I should have grabbed a clue, though, when she told me that she’d heard SO many great things about Where The Crawdads Sing but, try as she might, “I just can’t get into it.  One or two pages and that’s all I can do…”

Nyel and I are about halfway through Educated: A Memoir.  Though it, too, concerns a dysfunctional family and though, in each book, the story is told by the youngest daughter in the family, there the similarity ends.  Crawdads focuses on the beauty of the environment and on the ingenuity of the young narrator. Educated focuses on the cruelty and paranoia of various members of a survivalist family.  Apples and oranges!

I don’t know if we’ll finish Educated, even though we have another trip to Seattle coming up next week.  I keep hoping for some sort of redemption but I have a feeling we’ll have to slog through a lot more horrors before we get there.   These are not people I want to know.  Not in person.  Not in a book.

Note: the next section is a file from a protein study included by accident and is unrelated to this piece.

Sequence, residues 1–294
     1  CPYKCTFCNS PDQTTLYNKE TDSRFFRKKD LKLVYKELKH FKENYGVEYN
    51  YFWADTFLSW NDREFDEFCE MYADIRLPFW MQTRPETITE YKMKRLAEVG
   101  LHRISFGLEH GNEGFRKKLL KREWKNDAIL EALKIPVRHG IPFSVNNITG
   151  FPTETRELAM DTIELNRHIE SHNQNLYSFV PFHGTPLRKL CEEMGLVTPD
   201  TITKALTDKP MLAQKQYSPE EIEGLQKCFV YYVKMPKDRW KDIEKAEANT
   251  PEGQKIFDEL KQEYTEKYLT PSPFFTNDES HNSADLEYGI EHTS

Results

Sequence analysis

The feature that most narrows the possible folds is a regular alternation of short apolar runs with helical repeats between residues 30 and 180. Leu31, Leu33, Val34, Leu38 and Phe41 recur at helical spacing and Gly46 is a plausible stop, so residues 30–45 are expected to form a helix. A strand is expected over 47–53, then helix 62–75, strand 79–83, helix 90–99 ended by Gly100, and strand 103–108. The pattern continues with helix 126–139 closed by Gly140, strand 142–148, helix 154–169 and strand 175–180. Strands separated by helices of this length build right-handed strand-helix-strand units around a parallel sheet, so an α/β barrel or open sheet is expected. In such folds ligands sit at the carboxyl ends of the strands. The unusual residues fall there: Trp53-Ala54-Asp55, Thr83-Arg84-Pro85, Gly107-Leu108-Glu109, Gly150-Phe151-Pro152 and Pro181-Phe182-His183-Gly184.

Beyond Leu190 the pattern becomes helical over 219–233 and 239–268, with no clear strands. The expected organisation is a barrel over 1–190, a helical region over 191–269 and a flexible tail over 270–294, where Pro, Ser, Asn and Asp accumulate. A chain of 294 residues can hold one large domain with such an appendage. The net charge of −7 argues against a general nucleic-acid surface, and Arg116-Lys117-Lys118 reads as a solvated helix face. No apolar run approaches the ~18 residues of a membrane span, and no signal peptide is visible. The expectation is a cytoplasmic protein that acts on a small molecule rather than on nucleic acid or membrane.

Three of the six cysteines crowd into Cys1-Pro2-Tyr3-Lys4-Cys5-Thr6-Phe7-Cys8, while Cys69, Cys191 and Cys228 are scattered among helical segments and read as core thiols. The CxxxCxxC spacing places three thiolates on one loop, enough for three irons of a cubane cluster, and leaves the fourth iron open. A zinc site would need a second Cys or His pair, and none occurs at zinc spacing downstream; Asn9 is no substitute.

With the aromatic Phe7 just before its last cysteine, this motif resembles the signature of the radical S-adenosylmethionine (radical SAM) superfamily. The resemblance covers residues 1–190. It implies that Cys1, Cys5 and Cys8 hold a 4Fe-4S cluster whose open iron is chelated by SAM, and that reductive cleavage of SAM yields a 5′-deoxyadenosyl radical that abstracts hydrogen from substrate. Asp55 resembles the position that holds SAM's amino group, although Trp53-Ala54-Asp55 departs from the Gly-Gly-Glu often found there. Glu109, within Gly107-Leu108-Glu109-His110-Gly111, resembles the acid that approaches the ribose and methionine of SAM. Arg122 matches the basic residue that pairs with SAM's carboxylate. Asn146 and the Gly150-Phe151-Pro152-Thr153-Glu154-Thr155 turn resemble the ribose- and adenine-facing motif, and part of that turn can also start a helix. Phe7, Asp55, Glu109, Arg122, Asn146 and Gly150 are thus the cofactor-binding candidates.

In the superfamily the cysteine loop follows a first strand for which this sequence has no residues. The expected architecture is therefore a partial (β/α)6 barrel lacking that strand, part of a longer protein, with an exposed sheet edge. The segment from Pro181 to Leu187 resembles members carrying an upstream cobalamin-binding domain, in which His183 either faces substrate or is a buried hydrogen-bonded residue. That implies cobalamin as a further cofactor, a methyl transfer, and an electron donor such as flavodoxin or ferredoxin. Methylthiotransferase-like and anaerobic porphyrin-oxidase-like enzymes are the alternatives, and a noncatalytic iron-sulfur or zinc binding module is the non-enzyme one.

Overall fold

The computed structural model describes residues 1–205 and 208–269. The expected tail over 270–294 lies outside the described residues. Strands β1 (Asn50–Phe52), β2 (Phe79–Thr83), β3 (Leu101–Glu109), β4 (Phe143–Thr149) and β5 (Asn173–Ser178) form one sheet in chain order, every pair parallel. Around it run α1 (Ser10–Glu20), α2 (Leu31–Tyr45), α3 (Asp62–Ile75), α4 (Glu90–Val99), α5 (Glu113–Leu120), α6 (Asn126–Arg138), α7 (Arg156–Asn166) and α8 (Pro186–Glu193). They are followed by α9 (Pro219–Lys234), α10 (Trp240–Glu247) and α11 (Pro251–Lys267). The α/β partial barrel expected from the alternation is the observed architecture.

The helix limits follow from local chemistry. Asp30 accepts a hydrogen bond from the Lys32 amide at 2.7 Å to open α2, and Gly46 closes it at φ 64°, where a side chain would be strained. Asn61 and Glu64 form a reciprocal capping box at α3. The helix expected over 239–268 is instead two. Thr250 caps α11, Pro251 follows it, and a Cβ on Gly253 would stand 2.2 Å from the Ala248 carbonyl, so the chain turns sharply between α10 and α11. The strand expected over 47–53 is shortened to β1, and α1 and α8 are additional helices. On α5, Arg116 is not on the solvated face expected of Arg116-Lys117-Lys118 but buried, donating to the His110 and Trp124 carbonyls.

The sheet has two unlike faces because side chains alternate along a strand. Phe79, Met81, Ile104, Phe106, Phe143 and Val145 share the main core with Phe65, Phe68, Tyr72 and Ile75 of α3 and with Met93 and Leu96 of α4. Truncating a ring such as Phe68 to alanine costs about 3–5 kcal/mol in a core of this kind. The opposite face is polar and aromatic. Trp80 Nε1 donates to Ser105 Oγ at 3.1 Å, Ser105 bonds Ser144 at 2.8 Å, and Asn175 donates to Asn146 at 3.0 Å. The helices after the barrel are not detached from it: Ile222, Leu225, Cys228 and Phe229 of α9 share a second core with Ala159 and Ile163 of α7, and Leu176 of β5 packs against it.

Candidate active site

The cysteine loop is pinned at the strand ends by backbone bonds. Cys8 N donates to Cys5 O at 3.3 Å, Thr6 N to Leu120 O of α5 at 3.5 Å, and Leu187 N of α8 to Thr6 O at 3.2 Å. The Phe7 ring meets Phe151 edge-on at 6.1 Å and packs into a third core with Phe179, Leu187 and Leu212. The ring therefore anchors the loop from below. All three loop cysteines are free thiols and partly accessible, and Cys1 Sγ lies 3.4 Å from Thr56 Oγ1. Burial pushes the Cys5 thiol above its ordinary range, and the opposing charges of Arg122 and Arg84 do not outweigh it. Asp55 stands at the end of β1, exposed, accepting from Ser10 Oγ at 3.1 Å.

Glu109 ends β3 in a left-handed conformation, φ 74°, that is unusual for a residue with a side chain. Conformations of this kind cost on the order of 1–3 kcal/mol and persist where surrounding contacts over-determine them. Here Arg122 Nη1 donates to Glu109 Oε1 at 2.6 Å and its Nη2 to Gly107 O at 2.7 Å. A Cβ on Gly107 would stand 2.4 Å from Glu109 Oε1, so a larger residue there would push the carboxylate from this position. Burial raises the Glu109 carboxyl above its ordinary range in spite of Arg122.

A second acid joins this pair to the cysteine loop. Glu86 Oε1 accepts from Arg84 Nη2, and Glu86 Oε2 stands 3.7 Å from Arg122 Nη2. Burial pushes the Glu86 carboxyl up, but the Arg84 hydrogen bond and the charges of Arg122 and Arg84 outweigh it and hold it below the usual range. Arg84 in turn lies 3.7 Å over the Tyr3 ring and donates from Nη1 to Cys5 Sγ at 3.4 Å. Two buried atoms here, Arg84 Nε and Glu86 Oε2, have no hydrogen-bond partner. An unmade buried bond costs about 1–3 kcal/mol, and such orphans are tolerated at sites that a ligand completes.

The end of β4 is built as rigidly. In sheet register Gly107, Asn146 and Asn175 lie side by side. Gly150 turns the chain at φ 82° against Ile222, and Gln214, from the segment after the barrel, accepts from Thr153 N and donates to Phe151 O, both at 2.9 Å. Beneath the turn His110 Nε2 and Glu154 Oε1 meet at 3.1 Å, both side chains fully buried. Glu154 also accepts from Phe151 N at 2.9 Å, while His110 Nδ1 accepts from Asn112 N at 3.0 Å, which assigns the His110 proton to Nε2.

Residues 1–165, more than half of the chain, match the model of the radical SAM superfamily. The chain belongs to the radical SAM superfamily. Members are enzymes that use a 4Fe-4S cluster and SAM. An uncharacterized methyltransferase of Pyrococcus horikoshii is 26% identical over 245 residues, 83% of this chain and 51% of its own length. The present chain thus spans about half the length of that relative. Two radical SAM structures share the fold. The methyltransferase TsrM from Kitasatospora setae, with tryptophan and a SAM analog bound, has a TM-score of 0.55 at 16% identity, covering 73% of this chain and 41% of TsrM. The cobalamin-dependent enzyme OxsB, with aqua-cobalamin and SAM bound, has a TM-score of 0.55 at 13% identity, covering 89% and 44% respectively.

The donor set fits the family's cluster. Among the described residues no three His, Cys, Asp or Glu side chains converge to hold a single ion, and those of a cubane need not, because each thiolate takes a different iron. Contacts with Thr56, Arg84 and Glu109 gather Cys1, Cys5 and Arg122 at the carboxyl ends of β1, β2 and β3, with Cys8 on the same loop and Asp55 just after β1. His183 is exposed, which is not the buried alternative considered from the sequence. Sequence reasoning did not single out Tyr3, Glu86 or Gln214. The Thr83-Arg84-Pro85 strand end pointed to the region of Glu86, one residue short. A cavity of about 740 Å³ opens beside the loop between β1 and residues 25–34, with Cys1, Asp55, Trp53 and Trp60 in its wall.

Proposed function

Call me a weenie, but I really don’t like to invest my limited ‘leisure’ hours reading or hearing about the seamy side of our world.  There’s enough of that in the news and, frankly, I think the more we dwell on it the more we perpetuate it.  I don’t want to give it any more energy that I absolutely have to.  I’m back to that old Johnny Mercer song of my childhood — You’ve got to accentuate the positive/Eliminate the negative/And latch on to the affirmative
Don’t mess with Mister In-Between.  Yes, I think I’d much rather be a Pollyanna than a Scrooge — or whatever Pollyanna’s opposite might be.

 

The Book That Came In The Mail

Friday, November 22nd, 2019

Where The Crawdads Sing